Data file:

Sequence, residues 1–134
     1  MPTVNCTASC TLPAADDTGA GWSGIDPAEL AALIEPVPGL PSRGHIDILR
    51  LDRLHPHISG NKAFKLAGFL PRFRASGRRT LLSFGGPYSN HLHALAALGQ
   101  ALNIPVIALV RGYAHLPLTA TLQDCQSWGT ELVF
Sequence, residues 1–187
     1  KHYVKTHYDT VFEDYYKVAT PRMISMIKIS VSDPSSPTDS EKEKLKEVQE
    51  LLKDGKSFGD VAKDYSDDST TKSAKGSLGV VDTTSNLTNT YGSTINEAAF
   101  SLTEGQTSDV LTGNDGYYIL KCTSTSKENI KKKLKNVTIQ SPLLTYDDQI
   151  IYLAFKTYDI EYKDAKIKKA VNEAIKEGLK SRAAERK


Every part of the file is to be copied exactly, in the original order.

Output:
Sequence, residues 1–134
     1  MPTVNCTASC TLPAADDTGA GWSGIDPAEL AALIEPVPGL PSRGHIDILR
    51  LDRLHPHISG NKAFKLAGFL PRFRASGRRT LLSFGGPYSN HLHALAALGQ
   101  ALNIPVIALV RGYAHLPLTA TLQDCQSWGT ELVF
Sequence, residues 1–187
     1  KHYVKTHYDT VFEDYYKVAT PRMISMIKIS VSDPSSPTDS EKEKLKEVQE
    51  LLKDGKSFGD VAKDYSDDST TKSAKGSLGV VDTTSNLTNT YGSTINEAAF
   101  SLTEGQTSDV LTGNDGYYIL KCTSTSKENI KKKLKNVTIQ SPLLTYDDQI
   151  IYLAFKTYDI EYKDAKIKKA VNEAIKEGLK SRAAERK